Later we dissassembled the battery pack and we started by desottering the connection over the PCBs, yup Printed Circuit Boards and here I would love to take a moment and thank Stariver Group for making this project possible. With over 20 years of experience for manufacturing and assembly of customized printed circuit boards they are providing some of the finest services out there at an out standing price right at your door step. So take a moment and head up to their website to order your customized PCB for your upcoming project.

Now once we removed the PCBs, we than carefully took cells apart using some alchol dipped cloth and a ruller. Be carefull during this step as you can easily puntcure the cells if you are not carefull.

Step 7: Assembling the Cells

The individual cell voltage is measured and then we mentioned the polarity of each pack before throwing them inside the enclosure. In total there are ten packs each one of which has two cells connected in parallel while all the ten packs are connected in series. For that we have to place the packs alternatingly inside the enclosure.

Once all the packs are in place we sottered the tabs carefully as there are a whole lot of exposed terminals ready to bite anything that shorts them, so again be carefull.

Next we placed the male and female XT-60 connectors within their holders and sottered the positive terminal directly while the negative terminal will be connected through the BMS.

Step 8: The Battery Managment System

Have you guys noticed how many times I have discussed the voltage of individual cells, yup alot and its because of the face that lithium ion cells are very sensitive with the voltage. The maximum charge potential is 4.2v, the minimum cutoff voltage limit is 3v while the nominal voltage is 3.6v.

Now with this much cells arround we need an intermediate unit that manages the individual cell voltages that occur due to various charge and discharge cycles with sligh variation within the resistance of each cell. For that we are going to use a BMS (Battery Managment System) and for our battery pack we needed a 10 cells BMS as they are ratted for the number of lithium ion cells that are connected in series and also the maximum discharge current that you are planing to drain. As the original battery pack was a 10 cell too so we have used the same BMS.

First we connected the individual cells to the BMS and then we have connected the charge negative, discharge negative and battery negative terminals. Next we mounted the BMS to the top cover using a couple of screws.

Step 9: Retesting the Battery Pack

Before we glue the enclosure we ran a complete charge cycle followed by a discharge using the same nichrome heater and wattmeter setup as previously. During the whole test we took a close eye over the battery voltage and individual cell voltages. The battery provided the same capacity except that the BMS failed to cutoff the battery power as it went below the minimum cutoff voltage. Luckily we were monitoring the unit so we did a manual cutoff and later replaced the BMS to the one from the hoverboard battery pack and that worked absolutely fine.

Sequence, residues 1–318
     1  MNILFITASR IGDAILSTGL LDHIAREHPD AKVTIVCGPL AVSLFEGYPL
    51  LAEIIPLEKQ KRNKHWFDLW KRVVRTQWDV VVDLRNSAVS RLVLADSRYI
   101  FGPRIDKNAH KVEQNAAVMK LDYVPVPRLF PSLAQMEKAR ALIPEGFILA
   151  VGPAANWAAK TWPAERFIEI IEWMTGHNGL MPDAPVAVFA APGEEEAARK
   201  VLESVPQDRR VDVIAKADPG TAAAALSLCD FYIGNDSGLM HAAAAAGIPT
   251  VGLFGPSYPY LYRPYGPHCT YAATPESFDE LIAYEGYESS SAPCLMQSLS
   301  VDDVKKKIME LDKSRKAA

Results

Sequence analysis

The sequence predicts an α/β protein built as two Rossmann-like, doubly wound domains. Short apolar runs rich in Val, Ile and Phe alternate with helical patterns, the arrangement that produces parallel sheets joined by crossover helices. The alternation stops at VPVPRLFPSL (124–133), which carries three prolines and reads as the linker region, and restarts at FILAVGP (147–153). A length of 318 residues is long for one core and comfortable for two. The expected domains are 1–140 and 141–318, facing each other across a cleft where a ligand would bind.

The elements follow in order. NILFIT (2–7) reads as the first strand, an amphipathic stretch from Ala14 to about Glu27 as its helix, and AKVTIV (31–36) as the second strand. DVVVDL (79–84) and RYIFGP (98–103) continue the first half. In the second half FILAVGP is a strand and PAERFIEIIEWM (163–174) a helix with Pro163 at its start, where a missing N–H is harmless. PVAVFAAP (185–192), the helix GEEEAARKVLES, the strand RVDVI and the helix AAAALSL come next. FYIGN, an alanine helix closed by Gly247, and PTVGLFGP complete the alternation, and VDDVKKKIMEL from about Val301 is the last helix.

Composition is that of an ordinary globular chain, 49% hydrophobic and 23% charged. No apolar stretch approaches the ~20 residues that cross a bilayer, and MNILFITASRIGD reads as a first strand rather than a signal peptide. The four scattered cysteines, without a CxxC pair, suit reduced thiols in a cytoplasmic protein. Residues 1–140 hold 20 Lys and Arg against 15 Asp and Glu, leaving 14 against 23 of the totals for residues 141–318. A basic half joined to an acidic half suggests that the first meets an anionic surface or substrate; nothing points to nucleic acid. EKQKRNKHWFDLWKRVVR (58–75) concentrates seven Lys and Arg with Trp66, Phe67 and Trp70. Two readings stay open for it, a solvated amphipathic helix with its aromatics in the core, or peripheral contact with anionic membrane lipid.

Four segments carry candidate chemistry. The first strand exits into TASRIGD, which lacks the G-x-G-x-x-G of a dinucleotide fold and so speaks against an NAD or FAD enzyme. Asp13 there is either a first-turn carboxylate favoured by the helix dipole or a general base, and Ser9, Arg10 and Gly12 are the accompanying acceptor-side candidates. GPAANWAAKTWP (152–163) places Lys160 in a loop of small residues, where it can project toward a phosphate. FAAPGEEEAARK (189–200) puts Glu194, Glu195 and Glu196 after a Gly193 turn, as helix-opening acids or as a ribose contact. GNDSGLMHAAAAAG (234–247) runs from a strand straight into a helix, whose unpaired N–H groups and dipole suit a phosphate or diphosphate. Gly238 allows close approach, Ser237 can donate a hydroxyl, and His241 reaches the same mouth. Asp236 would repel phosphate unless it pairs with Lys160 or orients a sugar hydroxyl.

Step 10: Gluing the Enclosure and Finishing Touches

Once the BMS was replaced we glued the top cover using epoxy to make the enclosure water proof. Next we printed and glued the face plate mentioning the specifications of the battery pack.

Step 11: End Results

The outcome of the project is just way too good. Those little buddy boxes have 600 watt hour of power to offer and thats just insane as this whole thing is built out of an old battery from scrap. We have tested the battery packs with our electric bike thats still under finishing work but the results were promising. We are upgrading the bike to achieve 60 to 70km/h of top speed and with that conversion the bicycle pulls arround 30 Wh with the maxmimum pull over the throttle which means that now with these two battery packs we can easily get upto 20 to 20km of range on a single charge depending upon the throttle we pull off during the ride. Isnt thats too good for an electric bicycle conversion.

The whole project was a good learing curve and cost us 20 USD including eveyrything and in the end we have an awesome pair of battery packs the fits right under the bums :P

Our electric bike conversion with this battery pack, a crazy motor hack and with a 3000 watts BLDC Motor controller will be coming this weekend on our youtube channel so do vist, subscribe and break that bell icon to get notified the moment we publish the built video.

Will be there with another awesome project video.


DIY King